Action 4 – Step Out and Look Wider – Generation

After completing Action 3, I was able to have my one-on-one session.  It was extremely helpful, but forced me to confront my entire process.  

In Action 3, my stretch lexicon incorporated the words “transform” and “construct”.  I was trying to “expand the screen”.  While my initial, literal interpretation of this led me into a wall, the subsequent reflection guided my through the lexicon.  It informed my directional path towards relational design.  My goal was to combine the tactility and form of nature and incorporate that into my studio space which consists of 3 different screens to facilitate a more participatory relationship that is inviting and allows that digital barrier to disappear.

I accomplished this through the examination of architecture that utilizes nature and the environment to inform its design.

Upon reflexion and my one-on-one session, there was a significant conclusion.  My entire design process is completely informed by outcomes.  Or, rather, I am allowing my perceived outcomes to force my design process. There are so many layers to unpack.  This process is comfortable and it has been developing within my practice for the last 10 years.  So for Action 4, I decided to step out of the comfort zone and try to do something very different.  Where do I start?

The quarantine period along with the extremely hot temperatures, have made it very difficult to explore in Qatar.  In addition the city of Doha has been one big construction project over the last 10-12.  In the place of a desert is a concrete jungle, with flyovers, highways, skyscrapers, soccer stadiums, large cranes, and some well manicured public parks.  As the city of Doha expands further in all directions, it becomes harder to find any natural habitats.  The quarantine restrictions are starting to relax and the temperatures are cooling, so hopefully I will be able to visit these places again soon.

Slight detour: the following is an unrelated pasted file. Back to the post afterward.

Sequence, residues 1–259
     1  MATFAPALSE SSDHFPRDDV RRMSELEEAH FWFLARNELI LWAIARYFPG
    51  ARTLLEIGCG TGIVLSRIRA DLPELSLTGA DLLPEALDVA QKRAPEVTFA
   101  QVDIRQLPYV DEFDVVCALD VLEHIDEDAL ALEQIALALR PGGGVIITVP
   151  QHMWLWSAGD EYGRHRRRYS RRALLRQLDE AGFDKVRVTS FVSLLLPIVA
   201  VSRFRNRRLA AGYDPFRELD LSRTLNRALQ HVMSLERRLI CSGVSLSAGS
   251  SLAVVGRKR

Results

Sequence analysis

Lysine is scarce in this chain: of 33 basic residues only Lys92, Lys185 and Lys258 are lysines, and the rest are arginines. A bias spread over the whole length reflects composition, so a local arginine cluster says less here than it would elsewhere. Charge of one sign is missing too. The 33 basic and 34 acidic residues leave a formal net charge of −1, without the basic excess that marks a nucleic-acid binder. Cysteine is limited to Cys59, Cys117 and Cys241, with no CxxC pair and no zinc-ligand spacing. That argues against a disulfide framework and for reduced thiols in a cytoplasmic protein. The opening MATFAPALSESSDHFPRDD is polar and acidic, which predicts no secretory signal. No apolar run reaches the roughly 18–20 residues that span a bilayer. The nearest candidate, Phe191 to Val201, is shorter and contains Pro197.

However, in the meantime, I seek to create an environment that reflects, the sights and textures of the forests of my home.  I wanted to do this through a material exploration of cardboard.  Without the use of software, or categories, or digital equipment.  Instead, I would use the surplus of cardboard that has been stored over the last 7 months and cut everything with an Olfa knife.  Without any outcomes in mind, I would just let each action inform the next.

I started with just experimenting with cutting shapes like branches, tree trunks, and leaves.  I experimented with scoring and shaping to create curves and three dimensional objects. I then started to shear the top ply layer, to reveal the corrugated surface.  I wanted to manipulate this into a representation of bark.  I started to experiment cutting it into different shapes.  Then I began to layer it in different ways like jigsaw pieces.  Laying it side-by-side to see what I like and didn’t like.  Repeating the process in different permutations, considering size, orientation, and spacing.  I then started looking at the waste/byproduct of this shearing and realized it had really incredible properties as well.  It could provide an alternative representation of bark.  Soon after I began to look for every type of cardboard product in the house to see what I could make, from tubes to bags.

Finally, I tried to combine all the elements into one object.

In the end, this action was terrifying and enjoyable at the same time.  It was incredible to work in away that was unknown and raw, without boundaries and restrictions.  On the other hand it was very uncomfortable, went against every instinct, and made me feel very vulnerable.

There was great consideration with this Action. It was important to re-use material. To bring nature inside and raise awareness. However, it is ironic to promote an environmentally literate theme and be looking at the corporate logos that contribute so heavily to deforestation and climate change. The significance of my contribution to these institutions is not lost on me.

Leave a Reply

Your email address will not be published. Required fields are marked *